Star Wars or Star Trek?

TheoFantastique linked to a piece by Janice Vega asking about this, and offered one opinion. What about you? Which do you prefer?

  • http://twitter.com/JeremiahBailey JeremiahBailey

    Both. Star Wars has that epic narrative feel, but Star Trek does better on the existential introspective side of things. 

  • http://twitter.com/JeremiahBailey Jeremiah Bailey

    Both. Star Wars has that epic narrative feel, but Star Trek does better on the existential introspective side of things. 

  • Paul D.

    Star Wars.

  • Paul D.

    Star Wars.

  • Anonymous

    False dichotomy! Why not both?

  • bobpatteson

    False dichotomy! Why not both?

  • Anonymous

    Comparing Star Trek to Star Wars is like comparing C. S. Lewis to J. R. R. Tolkien. Both are good, but one is clearly better.

    I’ve never been a fan of Star Trek’s racial profiling: Ferengi care about money; Vulcan’s are logical; Klingon’s seek glory in battle. It all feels very colonial; a sci-fi commentary on the current political climate (starting with the Cold War and moving onward). Often the whole thing is blatantly allegorical (like Lewis’ Narnia).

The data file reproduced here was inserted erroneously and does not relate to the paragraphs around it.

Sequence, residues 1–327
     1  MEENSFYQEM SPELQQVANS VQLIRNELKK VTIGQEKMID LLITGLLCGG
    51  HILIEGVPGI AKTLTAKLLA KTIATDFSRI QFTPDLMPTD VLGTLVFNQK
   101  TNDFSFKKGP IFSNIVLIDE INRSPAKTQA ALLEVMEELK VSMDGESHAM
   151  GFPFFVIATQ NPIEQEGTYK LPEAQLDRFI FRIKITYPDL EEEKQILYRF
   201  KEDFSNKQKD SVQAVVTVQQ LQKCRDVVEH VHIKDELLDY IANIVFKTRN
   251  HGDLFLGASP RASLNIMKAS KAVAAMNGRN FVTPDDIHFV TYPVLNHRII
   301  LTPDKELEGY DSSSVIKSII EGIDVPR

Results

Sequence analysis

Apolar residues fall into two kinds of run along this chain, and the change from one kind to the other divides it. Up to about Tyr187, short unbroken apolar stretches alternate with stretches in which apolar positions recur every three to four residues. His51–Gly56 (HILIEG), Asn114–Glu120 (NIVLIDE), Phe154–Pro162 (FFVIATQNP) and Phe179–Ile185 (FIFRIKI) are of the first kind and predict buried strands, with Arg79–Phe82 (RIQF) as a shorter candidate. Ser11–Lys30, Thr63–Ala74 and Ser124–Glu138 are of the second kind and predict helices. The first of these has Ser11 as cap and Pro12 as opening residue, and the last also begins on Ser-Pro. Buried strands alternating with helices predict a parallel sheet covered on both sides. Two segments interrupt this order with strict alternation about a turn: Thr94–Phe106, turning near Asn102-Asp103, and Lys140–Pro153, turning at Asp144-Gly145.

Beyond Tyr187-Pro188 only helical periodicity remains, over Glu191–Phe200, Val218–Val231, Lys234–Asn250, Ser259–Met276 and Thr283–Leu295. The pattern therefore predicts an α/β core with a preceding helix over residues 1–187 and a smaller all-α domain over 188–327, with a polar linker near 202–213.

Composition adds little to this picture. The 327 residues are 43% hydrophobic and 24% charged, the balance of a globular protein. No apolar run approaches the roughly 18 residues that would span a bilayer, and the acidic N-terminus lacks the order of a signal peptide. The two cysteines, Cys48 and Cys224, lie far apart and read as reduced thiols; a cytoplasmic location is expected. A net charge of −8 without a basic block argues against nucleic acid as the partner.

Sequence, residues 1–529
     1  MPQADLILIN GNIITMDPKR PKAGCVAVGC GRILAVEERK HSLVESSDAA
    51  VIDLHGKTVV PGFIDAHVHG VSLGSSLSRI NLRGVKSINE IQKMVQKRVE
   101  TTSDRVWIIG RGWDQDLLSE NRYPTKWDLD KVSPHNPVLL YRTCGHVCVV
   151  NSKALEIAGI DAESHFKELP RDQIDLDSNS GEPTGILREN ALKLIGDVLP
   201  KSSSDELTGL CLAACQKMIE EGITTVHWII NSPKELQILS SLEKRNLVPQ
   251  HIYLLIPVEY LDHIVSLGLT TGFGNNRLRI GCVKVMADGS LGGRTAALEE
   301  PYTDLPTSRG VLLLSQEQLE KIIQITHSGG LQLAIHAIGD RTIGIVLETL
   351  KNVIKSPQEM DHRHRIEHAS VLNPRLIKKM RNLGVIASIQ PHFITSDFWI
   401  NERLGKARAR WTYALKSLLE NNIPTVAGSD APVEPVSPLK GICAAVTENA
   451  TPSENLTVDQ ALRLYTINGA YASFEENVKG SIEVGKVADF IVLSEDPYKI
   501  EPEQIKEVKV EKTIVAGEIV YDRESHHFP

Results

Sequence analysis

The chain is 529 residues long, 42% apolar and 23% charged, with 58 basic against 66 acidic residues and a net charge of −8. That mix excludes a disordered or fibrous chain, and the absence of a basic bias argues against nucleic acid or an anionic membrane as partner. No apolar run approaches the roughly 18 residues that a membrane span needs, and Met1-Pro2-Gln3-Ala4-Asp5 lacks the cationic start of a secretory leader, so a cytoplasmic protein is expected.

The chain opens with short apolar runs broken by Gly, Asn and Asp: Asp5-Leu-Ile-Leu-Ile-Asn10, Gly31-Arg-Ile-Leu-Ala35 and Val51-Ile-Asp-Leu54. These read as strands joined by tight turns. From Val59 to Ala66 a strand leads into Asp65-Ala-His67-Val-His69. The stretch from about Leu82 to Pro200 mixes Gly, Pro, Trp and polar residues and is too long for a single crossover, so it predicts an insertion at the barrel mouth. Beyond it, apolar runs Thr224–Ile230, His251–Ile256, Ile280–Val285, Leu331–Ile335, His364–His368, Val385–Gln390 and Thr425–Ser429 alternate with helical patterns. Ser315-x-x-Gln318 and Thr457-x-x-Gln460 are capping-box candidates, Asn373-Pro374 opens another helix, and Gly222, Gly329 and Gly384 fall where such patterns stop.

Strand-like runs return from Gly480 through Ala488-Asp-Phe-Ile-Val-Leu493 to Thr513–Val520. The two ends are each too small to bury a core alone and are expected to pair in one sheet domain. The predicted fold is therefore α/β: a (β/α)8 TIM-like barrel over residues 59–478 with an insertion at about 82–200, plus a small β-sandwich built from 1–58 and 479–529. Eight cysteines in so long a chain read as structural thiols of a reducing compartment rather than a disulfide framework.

Star Wars, on the other, works in a very different way. The opening crawl always asserts that these events occur in mythic time. “A long time ago, in a galaxy far far away” acts as a marker of mythic and cyclical time—what Eliade refers to as Illo Tempore. 

  • jimgetz

    Comparing Star Trek to Star Wars is like comparing C. S. Lewis to J. R. R. Tolkien. Both are good, but one is clearly better.

    I’ve never been a fan of Star Trek’s racial profiling: Ferengi care about money; Vulcan’s are logical; Klingon’s seek glory in battle. It all feels very colonial; a sci-fi commentary on the current political climate (starting with the Cold War and moving onward). Often the whole thing is blatantly allegorical (like Lewis’ Narnia).
    Star Wars, on the other, works in a very different way. The opening crawl always asserts that these events occur in mythic time. “A long time ago, in a galaxy far far away” acts as a marker of mythic and cyclical time—what Eliade refers to as Illo Tempore. 


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